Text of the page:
Starting Jan. 1, 2015, Minnesota will have a new business entity that is already available in over 20 other states: the public benefit corporation.
A public benefit corporation is intended to be a socially- conscious organization that commits to making business decisions not just for the financial benefit of its owners, but also to pursue or create a public benefit. The act, while well-intended, lacks meaningful enforcement provisions and may invite abuse.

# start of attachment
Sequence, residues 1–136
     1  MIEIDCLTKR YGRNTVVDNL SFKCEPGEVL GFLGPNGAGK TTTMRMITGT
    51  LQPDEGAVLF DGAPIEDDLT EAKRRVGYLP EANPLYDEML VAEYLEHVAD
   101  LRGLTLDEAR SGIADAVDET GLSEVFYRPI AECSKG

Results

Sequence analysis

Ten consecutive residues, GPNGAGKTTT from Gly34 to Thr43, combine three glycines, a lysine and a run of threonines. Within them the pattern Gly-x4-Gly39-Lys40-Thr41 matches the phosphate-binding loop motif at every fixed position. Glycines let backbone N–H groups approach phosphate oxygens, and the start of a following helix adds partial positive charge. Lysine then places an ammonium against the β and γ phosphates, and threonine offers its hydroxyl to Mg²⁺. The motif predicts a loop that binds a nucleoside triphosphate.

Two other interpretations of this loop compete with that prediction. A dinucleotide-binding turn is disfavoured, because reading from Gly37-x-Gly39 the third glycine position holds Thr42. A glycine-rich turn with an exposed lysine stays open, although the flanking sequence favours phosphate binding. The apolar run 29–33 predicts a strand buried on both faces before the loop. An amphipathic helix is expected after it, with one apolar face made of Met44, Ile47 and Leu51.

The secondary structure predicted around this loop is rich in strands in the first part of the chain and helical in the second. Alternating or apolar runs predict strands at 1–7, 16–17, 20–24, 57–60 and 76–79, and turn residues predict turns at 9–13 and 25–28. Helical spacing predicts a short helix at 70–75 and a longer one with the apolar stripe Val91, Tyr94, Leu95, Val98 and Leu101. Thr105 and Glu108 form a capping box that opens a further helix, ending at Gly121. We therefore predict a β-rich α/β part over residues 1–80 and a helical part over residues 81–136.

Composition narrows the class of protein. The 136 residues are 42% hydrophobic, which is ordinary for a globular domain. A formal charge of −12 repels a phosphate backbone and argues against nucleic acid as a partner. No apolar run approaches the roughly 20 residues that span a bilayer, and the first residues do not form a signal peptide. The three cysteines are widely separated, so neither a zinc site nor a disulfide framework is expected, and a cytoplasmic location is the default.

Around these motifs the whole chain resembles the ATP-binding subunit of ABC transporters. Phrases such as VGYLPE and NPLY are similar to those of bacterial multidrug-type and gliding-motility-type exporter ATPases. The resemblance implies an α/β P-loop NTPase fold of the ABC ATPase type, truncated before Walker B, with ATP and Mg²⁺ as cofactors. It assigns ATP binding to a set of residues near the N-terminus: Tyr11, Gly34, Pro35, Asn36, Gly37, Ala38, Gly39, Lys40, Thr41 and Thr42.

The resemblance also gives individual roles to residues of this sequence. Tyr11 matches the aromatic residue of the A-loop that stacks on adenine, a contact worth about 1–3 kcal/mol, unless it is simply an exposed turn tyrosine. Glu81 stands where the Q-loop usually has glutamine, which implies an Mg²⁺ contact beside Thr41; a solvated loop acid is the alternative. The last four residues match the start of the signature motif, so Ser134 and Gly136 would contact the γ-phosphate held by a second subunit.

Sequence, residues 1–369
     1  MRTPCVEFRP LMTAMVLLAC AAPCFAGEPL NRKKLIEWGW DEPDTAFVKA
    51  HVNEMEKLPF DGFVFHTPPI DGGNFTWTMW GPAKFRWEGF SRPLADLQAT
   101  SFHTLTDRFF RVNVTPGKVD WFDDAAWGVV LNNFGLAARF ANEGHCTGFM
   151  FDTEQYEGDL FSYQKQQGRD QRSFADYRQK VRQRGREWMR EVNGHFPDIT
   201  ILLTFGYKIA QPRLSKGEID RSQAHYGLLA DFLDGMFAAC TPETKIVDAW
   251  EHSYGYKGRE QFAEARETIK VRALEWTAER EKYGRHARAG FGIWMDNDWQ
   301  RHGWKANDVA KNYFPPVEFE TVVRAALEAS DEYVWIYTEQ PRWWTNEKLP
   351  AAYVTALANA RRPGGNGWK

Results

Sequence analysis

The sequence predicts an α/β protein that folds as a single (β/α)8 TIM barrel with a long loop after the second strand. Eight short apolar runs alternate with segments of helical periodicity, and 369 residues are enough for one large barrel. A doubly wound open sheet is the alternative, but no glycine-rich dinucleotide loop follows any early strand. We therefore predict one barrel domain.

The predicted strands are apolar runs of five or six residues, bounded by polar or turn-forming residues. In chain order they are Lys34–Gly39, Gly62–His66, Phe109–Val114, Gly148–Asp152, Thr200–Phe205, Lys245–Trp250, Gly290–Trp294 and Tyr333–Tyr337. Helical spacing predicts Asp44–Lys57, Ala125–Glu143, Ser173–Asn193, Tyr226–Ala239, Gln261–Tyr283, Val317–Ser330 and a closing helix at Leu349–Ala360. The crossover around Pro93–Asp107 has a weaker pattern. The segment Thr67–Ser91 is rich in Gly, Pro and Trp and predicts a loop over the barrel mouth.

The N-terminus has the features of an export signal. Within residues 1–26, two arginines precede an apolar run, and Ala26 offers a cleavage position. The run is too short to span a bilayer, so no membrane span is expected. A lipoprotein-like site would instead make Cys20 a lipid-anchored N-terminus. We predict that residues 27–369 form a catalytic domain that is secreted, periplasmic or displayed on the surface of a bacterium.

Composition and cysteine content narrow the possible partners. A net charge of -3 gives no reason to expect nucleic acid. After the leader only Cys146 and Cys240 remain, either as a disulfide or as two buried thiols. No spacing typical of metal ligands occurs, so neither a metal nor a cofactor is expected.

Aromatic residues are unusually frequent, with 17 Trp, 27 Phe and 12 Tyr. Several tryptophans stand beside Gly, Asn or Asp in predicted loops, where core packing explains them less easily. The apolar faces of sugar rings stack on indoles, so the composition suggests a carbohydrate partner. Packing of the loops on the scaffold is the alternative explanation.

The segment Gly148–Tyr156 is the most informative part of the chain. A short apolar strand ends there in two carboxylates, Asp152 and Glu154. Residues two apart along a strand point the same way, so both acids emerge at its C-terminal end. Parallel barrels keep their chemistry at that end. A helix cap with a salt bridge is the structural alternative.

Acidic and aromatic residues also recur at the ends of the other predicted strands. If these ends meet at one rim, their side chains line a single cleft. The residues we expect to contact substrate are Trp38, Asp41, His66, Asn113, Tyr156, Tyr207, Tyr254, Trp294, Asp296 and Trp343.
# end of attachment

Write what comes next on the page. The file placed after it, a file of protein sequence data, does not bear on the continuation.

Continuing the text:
The legislature (with extensive drafting assistance from the bar) desired to provide a mechanism for socially-minded entrepreneurs to run their businesses for a public benefit, but to protect them from shareholder criticism for not putting profits first. The statute, in effect, gives such entrepreneurs a way to brand their businesses as socially-minded. The price of that branding opportunity is that the board must consider (and presumably, must be able to prove it considered) the public benefit. The other price of the brand is the annual report, which must be filed with the secretary of state’s office describing the public benefit corporation’s pursuit of the public benefit.